SANTA CLARA, Calif. Steady progress in nanoimprint lithography reported Tuesday (Feb.24) at the SPIE conference here definitely caught the attention of attendees. In six papers, researchers from Hewlett-Packard Labs and from three nanoimprint equipment makers all reported the fabrication of structures or devices with existing equipment. In addition, progress in the materials field was described.
The only paper to fabricate an actual device came from HP. Researchers there used nanoimprint techniques to create what they described as the world's smallest rewritable non-volatile memory: an 8-by-8 crossbar sandwich with an active molecular layer caught between two layers of electrodes. The device size, if scaled up, would result in a 6.4 Gbit/cm2 bit density.
Nanoimprint technology was relevant because the electrode fingers, 40 nm wide and set on a 130 nm pitch, were created by mechanically impressing their pattern on a novel receiver material. This material, formed by dissolving a polymer in its related monomer, permitted low-temperature (70 deg.C) and temperature (500 psi) impression while retaining the very high-resolution pattern. The material was used as the resist for an etch step that subsequently formed the metal fingers in a Pt/Ti bilayer.
In the following paper EV Group (Scharding, Austria) described a quite different process using hot embossing. In EV's process a Si or Ni stamp is bonded to a stronger substrate, then used at high temperature to emboss a polymer layer on a wafer of up to 200 mm diameter. A non-stick layer eases separation after pressing without damage to either stamp or the pattern in the polymer. The paper presented results on high-aspect-ratio features finer than 100 nm, and described work on an optical alignment system.
Following this, two papers each from equipment/materials vendors Nanonex Corp. (Princeton, New Jersey) and Molecular Imprints, Inc. (Austin, Texas) described the gradual maturing of their respective technologies.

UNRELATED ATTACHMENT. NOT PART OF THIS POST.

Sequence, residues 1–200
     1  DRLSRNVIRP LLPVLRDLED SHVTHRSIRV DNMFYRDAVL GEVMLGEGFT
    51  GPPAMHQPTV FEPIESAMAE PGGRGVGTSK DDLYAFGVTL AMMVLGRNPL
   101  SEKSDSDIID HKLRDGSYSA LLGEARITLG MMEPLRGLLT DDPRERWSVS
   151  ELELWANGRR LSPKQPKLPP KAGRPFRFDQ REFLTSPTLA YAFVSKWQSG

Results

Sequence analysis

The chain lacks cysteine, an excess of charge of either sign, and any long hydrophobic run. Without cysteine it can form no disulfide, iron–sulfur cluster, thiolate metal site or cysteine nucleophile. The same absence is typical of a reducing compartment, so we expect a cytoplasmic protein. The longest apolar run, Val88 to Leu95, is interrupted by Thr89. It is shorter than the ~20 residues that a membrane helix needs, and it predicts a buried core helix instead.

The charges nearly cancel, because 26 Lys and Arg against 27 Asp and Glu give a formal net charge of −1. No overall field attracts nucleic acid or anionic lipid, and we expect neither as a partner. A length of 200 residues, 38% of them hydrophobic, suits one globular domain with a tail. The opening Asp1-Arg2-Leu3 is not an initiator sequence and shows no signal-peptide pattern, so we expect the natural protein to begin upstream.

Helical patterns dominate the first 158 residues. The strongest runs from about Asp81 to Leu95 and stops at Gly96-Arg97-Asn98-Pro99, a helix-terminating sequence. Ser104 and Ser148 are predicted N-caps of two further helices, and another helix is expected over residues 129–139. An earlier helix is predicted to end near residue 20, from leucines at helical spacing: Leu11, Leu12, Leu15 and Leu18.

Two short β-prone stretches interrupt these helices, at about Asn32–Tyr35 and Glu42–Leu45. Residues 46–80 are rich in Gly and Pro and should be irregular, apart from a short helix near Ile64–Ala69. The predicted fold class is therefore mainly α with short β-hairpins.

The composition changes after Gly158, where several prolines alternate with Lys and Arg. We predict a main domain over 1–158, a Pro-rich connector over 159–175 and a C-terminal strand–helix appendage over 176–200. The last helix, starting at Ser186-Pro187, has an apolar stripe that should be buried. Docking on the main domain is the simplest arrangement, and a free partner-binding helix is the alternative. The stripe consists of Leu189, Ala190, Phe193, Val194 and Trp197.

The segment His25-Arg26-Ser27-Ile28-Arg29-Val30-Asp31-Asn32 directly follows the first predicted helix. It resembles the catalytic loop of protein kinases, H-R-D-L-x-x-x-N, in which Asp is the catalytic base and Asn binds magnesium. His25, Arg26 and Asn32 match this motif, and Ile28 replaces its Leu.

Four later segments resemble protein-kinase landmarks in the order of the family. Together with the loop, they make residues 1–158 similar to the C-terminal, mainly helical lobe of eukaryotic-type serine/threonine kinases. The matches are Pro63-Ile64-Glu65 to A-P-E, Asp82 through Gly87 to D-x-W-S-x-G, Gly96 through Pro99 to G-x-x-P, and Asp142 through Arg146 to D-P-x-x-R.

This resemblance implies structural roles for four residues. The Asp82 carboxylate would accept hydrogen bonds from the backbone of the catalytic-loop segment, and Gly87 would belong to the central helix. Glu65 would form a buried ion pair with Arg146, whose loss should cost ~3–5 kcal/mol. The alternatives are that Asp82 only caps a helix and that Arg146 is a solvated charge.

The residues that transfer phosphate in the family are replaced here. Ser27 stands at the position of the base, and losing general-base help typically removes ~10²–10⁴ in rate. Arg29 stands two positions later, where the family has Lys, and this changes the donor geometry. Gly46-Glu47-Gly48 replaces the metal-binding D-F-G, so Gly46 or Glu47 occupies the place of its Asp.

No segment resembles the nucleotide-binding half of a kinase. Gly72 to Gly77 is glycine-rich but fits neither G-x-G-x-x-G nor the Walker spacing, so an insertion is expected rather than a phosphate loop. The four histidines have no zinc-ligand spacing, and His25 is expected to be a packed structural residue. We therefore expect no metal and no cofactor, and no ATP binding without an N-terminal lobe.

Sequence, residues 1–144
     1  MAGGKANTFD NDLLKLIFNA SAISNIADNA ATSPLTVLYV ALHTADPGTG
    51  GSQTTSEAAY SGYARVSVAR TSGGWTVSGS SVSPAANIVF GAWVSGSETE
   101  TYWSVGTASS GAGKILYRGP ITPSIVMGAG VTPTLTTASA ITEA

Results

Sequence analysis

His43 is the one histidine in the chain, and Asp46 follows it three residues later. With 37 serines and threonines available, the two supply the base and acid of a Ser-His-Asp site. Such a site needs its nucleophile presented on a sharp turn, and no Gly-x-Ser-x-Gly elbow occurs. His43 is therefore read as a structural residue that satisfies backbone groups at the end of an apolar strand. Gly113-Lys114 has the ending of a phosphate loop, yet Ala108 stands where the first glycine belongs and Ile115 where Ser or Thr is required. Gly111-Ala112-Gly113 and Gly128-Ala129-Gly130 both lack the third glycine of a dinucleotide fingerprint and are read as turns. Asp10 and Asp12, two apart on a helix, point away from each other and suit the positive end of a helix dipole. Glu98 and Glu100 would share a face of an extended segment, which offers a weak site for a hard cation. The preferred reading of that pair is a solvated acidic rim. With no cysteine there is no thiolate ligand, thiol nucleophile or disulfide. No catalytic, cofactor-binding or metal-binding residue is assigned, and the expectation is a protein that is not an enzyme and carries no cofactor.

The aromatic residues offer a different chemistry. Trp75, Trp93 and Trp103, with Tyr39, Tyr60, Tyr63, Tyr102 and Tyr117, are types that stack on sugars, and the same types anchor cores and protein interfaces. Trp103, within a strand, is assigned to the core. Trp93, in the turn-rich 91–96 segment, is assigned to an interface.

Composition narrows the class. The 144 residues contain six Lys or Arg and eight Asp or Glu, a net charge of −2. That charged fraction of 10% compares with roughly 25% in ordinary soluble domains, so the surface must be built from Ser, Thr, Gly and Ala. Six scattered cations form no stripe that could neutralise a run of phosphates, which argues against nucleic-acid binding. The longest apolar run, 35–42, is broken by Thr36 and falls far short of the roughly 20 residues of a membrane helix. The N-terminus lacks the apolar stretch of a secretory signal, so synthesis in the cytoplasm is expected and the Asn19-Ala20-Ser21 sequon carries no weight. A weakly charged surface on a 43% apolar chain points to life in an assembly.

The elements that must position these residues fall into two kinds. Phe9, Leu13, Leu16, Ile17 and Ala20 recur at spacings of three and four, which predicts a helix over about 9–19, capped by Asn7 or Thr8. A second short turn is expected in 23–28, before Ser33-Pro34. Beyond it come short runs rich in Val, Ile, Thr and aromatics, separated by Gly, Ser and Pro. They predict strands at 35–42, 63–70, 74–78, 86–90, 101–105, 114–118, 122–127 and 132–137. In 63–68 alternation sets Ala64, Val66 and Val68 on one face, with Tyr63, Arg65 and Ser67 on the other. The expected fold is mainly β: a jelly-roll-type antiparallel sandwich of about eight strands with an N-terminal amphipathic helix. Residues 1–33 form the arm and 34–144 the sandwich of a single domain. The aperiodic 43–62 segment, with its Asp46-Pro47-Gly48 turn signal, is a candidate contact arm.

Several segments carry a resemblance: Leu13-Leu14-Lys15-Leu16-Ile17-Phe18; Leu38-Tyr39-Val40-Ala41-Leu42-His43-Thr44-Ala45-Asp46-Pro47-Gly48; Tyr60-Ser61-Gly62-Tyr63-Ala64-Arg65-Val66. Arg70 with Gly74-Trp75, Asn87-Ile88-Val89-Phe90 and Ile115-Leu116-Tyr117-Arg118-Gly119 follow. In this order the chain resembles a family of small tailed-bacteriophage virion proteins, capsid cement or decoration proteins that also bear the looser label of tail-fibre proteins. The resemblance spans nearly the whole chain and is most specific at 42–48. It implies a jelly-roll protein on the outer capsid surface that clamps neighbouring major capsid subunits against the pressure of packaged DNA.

Nanonex is pursuing a two-layer approach in which a thin (60 nm) top layer of polymer is mechanically imprinted with a mold. The pattern in the polymer is then fixed with ultraviolet light exposure, and thinned areas are removed with a reactive-ion etch.
This forms the polymer layer into a resist mask, which is then used by a second reactive-ion etch step to pattern an underlying layer. This more robust 200 nm layer can then be used as the resist layer for a more aggressive etch or deposition process, or it can be stripped and itself used as a component in a micromechanical device.
Because of the two-layer approach, Nanonex claims, the process is inherently low-temperature and low-pressure the company cited 20 psi. The company claimed that a 200 nm grating had been accurately reproduced in the bottom resist layer using the process.
As in other nanoimprint processes, Nanonex has identified uniformity of pressure and correct alignment as key issues. They claim to have solved the pressure problem by not using a hard platen behind the mold. And the company said that their equipment could be used with conventional alignment machinery.
Molecular Imprints, for its part, described its step-and-flash process, which also uses UV to cure the polymer. The material in this case is a low-viscosity liquid that is dispensed as the device steps, rather than spun on before the imprinting step. A fused-silica template coated with release agent is then pressed into the liquid, and UV exposure is made through the back of the template. After release, residual material is etched away.
MII claims to have reproduced features in the 20 nm range with the process, but these papers described "sub-100 nm" pillars and contact holes. The company claims that materials now developed can survive more than 2000 imprints, or about 25 200mm wafers, without developing systematic defects.
Clearly significant work remains to be done in defect characterization, materials choices, alignment and full-wafer yield on all the processes described. But the progress to date, lying as it does outside the mainstream of R/D funding, raises the possibility that by the time 193 nm immersion lithography runs out of steam, it may be feasible to use nanoimprint techniques to pattern resist for the most critical layers.